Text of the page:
After the year we’ve had, it’d be some sort of miracle if you hadn’t thought about your mental health and the ups and downs that come with it. We have seen an increase in mental health conditions over the past year, with 60% of UK adults reporting that their mental health has declined during this time. 

So this Mental Health Awareness Week, paying worthy attention to our wellbeing and that of those around us, we caught up with our Natives to see what mental health means to them and how nature - the theme of this year’s Mental Health Awareness Week - plays a pivotal role in managing and navigating the minefield inside our heads.

Here’s what our Natives had to say:

Nic Jones Nature

“Soon into the pandemic I realised we were all spending hour after hour on back to back Zoom meetings. That’s not ideal for anyone’s mental wellbeing. So my team took our regular weekly catch-ups outside, to a park in between our homes. We had the same conversations without the screens, and we got some exercise and fresh air while doing it. It really kept us going.” 

- Nicola Jones, Comms and Events Manager

Katherine Midwinter

“Kayaking and nature provide tranquillity and calm in an otherwise busy world. I find it is an escape from the stresses in life and gives me a chance to breathe and slow down.” 

- Katherine Midwinter, Junior Data Analyst

Tilly Howarth

“Having the Downs on my doorstep has been such a help during the pandemic. When life felt a bit claustrophobic, the Downs provided the perfect escape. Now the evenings are longer, we have been going for walks after work. It's such a peaceful time, watching the moon rise and the birds settle in the trees to roost. Walking in nature is definitely good for the soul.” 

- Tilly Howarth, Campaigns, Marketing and Events Executive

“I run to get out of my head and find the perspective to work through whatever is going on in there at that moment. People often say to me “how do you enjoy running enough to keep on doing it?” and to be honest, nine out of 10 times I absolutely don’t want to go for that run. But you never regret a run. So I switch on autopilot.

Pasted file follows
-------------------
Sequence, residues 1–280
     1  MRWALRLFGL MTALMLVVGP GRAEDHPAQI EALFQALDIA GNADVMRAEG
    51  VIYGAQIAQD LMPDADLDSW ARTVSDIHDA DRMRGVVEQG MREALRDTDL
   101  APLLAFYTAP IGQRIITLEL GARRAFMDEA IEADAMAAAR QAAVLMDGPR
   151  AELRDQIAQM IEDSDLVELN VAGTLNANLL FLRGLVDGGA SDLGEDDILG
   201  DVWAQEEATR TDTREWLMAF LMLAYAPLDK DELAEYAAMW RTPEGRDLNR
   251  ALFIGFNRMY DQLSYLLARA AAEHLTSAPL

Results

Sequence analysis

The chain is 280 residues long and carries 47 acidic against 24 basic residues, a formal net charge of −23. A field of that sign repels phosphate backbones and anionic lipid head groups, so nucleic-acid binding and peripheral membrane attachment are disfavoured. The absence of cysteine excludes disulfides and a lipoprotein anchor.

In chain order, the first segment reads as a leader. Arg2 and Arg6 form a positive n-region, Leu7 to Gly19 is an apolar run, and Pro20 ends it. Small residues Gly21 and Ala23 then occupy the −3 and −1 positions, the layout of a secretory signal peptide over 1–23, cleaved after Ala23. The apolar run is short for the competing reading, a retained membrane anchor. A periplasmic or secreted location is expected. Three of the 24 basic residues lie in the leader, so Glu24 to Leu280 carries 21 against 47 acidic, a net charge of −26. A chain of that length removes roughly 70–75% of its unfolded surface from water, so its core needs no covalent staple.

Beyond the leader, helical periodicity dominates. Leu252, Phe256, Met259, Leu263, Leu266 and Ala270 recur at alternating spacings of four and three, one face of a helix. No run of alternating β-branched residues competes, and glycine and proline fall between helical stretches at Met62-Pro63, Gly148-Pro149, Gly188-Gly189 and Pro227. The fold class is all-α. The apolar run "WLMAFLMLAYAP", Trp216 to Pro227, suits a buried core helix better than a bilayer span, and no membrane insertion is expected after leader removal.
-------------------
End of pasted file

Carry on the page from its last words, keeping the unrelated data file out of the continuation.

In other words: if you’re waiting for your brain to tell you to run every morning because you absolutely love it, it’s not going to happen. But you should get out there anyway. Like I said, you’ll never regret it.” 

- Ellie Davidson, Senior Marketing Exec

Nature plays such an important role in my mental health and wellbeing. Being able to walk and run along the beach, especially during lockdown, has allowed me to take a step back, reflect and escape the stresses and strains of everyday life. It's definitely kept me going over the last year.

- Dan Hulin, Demand Generation Team Lead


“Exploring nature with my family helps me realise what's important in life. Chatting to Isaac whilst walking (or running!) through woods and parks makes me realise how much of the environment I often fail to see when rushing through daily life.”

- Lizzie Wilding-Clark - Akero Advertising Digital Consultant

One in six people report experiencing a common mental health problem (like anxiety and depression) in any given week in England. It’s an issue that doesn’t discriminate against anyone, so it’s critical to check in on yourself as well as others around you. Asking how someone is, really listening and just being there can really help.  

If you’d like to donate to a charity which helps fight against mental illness stigma and support mental health then you can do so here: Mind and Mental Health Foundation. And if you’re still reading, this is your sign to take a break, close that laptop of yours, and get outside. Your mind will thank you.

Article by

Robyn Zohdy

Office & Wellbeing Manager